There are a few types of detection and response models available for organisations. These are:
- NDR: Network Detection and Response
- EDR: Endpoint Detection and Response
- XDR: Extended Detection and Response
The question many people ask is:
- What are the differences between these three types of detection and response capabilities?
- Which solution is best for my organisation?
This blog will give you an overview of NDR, EDR and XDR and how these detection and response models can support your organisation’s cybersecurity.
What is NDR (Network Detection and Response)?
Security teams use network detection and response (NDR) to obtain complete visibility of known and unknown threats across an organisation’s network. Network detection and response analyses an organisation’s network traffic. Using machine-based analysis, NDR gives security teams the ability to be aware of relevant network activities as quickly as possible.
Unlike legacy security tools, network detection and response solutions do not rely on signature-based security tools.
Older tools often can’t detect new attacks without signatures unless these signatures have already been recognised as attacks on a network.
However, the NDRs’ purpose is to work out to analyse networks and then respond to the attack.
Gartner suggests that:
‘NDR solutions primarily use non-signature-based techniques (for example, machine learning or other analytical techniques) to detect suspicious traffic on enterprise networks. NDR tools continuously analyse raw traffic and/or flow records (for example, NetFlow) to build models that reflect normal network behaviour. When the NDR tools detect suspicious traffic patterns, they raise alerts.’
What is EDR (Endpoint Detection and Response)?
Endpoint detection and response (EDR) combines real-time monitoring, endpoint data collection, behavioural analysis, and automated response. It works via machine learning that monitors endpoints for malicious behaviours and known signatures.
EDR solutions improve an organisation’s overall security posture by identifying, responding to, and detecting internal/external attacks.
Gartner suggests that:
‘The Endpoint Detection and Response Solutions (EDR) market is defined as solutions that record and store endpoint-system-level behaviours, use various data analytics techniques to detect suspicious system behaviour, provide contextual information, block malicious activity, and provide remediation suggestions to restore affected systems.’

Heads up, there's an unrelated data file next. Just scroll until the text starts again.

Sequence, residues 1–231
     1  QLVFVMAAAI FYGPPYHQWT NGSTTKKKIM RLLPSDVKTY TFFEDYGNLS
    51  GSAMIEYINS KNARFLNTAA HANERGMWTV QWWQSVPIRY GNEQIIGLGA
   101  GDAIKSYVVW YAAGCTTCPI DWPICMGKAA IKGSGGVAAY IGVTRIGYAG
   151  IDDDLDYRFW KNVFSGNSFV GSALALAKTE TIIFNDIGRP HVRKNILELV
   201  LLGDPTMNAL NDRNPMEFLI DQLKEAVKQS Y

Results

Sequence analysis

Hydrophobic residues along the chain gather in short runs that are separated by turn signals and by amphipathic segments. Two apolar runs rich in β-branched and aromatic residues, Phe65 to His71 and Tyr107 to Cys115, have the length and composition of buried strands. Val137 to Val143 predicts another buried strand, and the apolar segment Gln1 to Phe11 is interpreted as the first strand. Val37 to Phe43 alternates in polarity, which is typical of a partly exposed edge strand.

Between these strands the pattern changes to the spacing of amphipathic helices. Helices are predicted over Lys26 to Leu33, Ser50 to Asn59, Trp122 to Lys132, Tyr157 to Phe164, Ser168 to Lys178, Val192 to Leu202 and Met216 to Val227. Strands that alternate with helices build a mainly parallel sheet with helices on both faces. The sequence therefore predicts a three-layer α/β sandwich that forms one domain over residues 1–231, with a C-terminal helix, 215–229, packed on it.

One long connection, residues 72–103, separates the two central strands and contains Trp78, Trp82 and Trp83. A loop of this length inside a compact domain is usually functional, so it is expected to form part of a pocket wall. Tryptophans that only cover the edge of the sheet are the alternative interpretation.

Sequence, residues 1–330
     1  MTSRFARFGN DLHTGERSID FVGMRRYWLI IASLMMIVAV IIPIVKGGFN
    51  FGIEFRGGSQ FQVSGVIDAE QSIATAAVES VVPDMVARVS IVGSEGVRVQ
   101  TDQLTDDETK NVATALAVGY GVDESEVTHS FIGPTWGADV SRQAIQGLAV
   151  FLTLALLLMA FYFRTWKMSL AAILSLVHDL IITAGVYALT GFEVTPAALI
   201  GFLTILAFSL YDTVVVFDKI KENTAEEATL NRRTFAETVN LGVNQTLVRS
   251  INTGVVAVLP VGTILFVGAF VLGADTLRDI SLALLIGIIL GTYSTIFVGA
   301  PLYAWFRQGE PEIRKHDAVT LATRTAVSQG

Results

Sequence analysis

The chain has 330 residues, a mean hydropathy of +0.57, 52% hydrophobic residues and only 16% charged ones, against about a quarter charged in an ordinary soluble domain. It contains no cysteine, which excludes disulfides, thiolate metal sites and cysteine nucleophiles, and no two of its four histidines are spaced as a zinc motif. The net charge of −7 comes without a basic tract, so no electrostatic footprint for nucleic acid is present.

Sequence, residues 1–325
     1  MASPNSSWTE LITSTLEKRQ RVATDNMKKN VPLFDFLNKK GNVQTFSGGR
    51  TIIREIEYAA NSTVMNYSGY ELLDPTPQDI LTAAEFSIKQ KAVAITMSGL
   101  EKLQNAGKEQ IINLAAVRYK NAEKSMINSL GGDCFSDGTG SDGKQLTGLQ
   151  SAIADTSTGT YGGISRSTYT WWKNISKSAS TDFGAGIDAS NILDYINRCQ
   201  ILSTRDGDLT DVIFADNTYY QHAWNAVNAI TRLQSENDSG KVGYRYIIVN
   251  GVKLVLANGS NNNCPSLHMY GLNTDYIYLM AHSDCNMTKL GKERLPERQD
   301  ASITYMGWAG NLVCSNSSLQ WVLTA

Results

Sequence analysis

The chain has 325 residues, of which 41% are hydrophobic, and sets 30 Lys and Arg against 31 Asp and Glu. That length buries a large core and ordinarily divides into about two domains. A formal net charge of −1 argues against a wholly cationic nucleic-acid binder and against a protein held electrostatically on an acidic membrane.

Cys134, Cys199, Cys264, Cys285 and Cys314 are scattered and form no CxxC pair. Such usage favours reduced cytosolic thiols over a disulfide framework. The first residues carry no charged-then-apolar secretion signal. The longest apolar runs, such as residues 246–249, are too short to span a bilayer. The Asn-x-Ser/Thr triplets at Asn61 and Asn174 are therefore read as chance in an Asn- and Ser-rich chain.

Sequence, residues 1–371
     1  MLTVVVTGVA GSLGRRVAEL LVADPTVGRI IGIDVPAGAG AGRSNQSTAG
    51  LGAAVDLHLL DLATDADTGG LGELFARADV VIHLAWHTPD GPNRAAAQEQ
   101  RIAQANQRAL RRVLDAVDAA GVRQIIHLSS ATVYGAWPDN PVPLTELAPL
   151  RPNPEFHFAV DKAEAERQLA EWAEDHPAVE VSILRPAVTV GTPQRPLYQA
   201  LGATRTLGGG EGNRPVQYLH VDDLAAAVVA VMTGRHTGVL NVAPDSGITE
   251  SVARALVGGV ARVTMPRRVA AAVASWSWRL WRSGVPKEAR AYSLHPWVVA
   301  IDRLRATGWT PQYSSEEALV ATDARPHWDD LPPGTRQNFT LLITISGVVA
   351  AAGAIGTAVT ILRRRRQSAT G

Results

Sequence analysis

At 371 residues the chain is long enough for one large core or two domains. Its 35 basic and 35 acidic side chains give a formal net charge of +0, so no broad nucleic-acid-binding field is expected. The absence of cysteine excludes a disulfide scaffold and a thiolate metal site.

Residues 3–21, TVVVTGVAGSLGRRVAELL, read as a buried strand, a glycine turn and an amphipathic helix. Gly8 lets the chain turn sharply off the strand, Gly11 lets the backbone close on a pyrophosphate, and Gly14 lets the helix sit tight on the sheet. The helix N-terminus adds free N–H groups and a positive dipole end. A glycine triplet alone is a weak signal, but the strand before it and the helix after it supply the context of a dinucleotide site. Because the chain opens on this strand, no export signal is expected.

An EDR solution works to:
- Monitor data from endpoints.
- Analyse the above data to identify threat patterns.
- Respond to these threats to remove or contain them.
- Use forensics and analysis to research threats.
What is XDR (Extended Detection and Response)?
Extended detection and response (XDR) is the automatic correlation of a wider variety of data, including email, endpoints, servers, cloud workloads and networks across multiple layers of security. Extended detection and response solutions detect threats quicker by checking various layers of data, improving investigation and response times through security analysis.
Gartner suggests that:
‘Extended detection and response describe a unified security incident detection and response platform that automatically collects and correlates data from multiple proprietary security components. Security and risk management leaders should consider the risks and advantages of an XDR solution.’
NDR vs. EDR vs. XDR: Comparison
|Scope||Endpoints, hosts, network, and inter-device traffic and finally applications.||Endpoints and hosts.||Network and inter-device traffic.|
|Intention||Visibility/transparency at multiple security levels (network, endpoint, applications), detection of known and unknown threats, holistic monitoring and mitigation, vulnerability assessment, alerting and response, simplification and consolidation of events, and activities and targeted response.||EDR focuses on endpoint and access area protection. This is from infiltration, monitoring and mitigation, vulnerability assessment, alerting and response.||The visibility and/or transparency of network traffic as well as the detection of known and unknown threats and lateral movements, alerting and response.|
|Methods||Machine learning, identification of attacker Tactics, Techniques and Procedures (TTPs), anomaly detection, malicious behaviour detection, and analysis of Indicators of Compromise (IoCs).||Malicious behaviour detection, TTP analysis, Indicator of Compromise (IoC) analysis, signatures and machine learning.||Indicator of Attack (IoA), anomaly detection, user behaviour and machine learning.|
|Challenges||Integration with other vendor solutions.||Advanced Persistent Threats (APT), ransomware, malicious scripts, and more.||Advanced Persistent Threats (APT), ransomware, malicious scripts, and more.|